Apocalypse Then

By Richard Barons
“The Saltwater Frontier” is Andrew Lipman’s first book.

“The Saltwater Frontier”

Andrew Lipman

Yale University Press, $38

There are several historians who have given those of us who reside on the end of Long Island a series of enlightening books that examine epochs from our past with careful scholarship and surprising conclusions. Within the last 20 years, these authors have unearthed remarkable documents that open up what was once a foggy past obscured by folklore, misconceptions, and Eurocentric posturing. 

I am thinking of Kathleen Bragdon’s “Native People of Southern New England, 1665-1775,” David Goddard’s “Colonizing Southampton,” Katherine Howlett Hayes’s “Slavery Before Race,” Faren R. Siminoff’s “Crossing the Sound,” and anything by Karen Ordahl Kupperman or John Strong.

Andrew Lipman, a professor at Barnard College, has written such a book. His “The Saltwater Frontier: Indians and the Contest for the American Coast” gives the reader an intriguing and ingenious story that follows along the East Coast from Plymouth, Mass., tracing the Connecticut shore to Manhattan. The author’s territory continues on to Long Island’s North Shore and the islands of Martha’s Vineyard and Nantucket, while stopping at the tip of Cape Cod. And, since this book is about water, everything in between.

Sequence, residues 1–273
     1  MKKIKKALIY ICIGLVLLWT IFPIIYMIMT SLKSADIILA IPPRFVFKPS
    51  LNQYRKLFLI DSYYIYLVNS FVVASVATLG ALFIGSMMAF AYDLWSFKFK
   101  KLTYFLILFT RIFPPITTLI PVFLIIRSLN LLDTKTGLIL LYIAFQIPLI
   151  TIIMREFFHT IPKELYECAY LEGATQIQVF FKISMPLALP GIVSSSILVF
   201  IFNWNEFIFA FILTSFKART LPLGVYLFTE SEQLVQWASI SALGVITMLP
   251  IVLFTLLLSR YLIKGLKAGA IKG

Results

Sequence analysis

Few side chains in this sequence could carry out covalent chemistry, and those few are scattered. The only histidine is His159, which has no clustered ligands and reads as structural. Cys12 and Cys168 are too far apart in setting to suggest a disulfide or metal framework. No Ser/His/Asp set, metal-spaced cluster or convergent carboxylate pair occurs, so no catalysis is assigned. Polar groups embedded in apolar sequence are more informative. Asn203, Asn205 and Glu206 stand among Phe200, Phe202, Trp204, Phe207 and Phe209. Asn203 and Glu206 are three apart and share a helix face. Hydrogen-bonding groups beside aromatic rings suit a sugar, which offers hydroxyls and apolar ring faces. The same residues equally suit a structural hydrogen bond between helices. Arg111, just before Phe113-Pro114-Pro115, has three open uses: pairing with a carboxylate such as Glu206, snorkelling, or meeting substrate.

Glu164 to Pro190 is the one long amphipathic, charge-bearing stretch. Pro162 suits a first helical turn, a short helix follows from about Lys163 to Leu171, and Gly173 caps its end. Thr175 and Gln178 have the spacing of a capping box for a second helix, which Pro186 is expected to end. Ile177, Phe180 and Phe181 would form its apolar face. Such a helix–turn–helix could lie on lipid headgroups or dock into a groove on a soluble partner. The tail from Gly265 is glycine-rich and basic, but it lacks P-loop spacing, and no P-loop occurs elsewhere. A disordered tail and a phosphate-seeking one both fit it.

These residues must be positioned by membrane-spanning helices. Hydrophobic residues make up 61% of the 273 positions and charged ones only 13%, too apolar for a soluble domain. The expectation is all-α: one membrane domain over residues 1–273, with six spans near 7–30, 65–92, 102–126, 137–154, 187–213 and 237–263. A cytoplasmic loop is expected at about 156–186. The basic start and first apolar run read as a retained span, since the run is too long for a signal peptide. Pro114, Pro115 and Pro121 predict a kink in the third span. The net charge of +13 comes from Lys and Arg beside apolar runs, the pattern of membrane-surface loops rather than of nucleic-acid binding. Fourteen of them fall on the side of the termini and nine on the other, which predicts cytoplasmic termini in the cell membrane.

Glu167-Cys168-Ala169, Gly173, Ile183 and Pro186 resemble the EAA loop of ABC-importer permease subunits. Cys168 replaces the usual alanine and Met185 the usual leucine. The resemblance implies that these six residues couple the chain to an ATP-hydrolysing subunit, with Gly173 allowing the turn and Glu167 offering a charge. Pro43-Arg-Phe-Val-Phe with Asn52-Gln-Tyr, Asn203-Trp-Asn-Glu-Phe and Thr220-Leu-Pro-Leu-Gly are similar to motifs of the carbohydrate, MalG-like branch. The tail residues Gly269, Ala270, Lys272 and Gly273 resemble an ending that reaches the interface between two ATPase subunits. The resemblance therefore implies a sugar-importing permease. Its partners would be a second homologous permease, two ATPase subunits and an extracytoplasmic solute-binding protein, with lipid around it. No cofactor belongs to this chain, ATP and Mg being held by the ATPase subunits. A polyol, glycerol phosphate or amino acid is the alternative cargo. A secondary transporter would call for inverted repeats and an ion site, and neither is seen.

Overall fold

In his introduction, Mr. Lipman clearly focuses on a major blind spot in most American history publications. These books and articles have tended to see the natives standing on shore while the foreigners looked at them from huge floating ships. Earlier writers construed the invasion as one-sided: the Europeans on the ocean and the locals in the woods. The power was seen unfairly as totally in the fists of the armor-clad white warriors. 

But the Indians were just as much mariners and warriors as were the Dutch, English, French, and Spanish. Indeed, both cultures learned from each other about the best ways to use the saltwater highway to their advantage. In the beginning, it was often unclear who did in fact have the upper hand. This sense of lack of control kept both parties always on edge.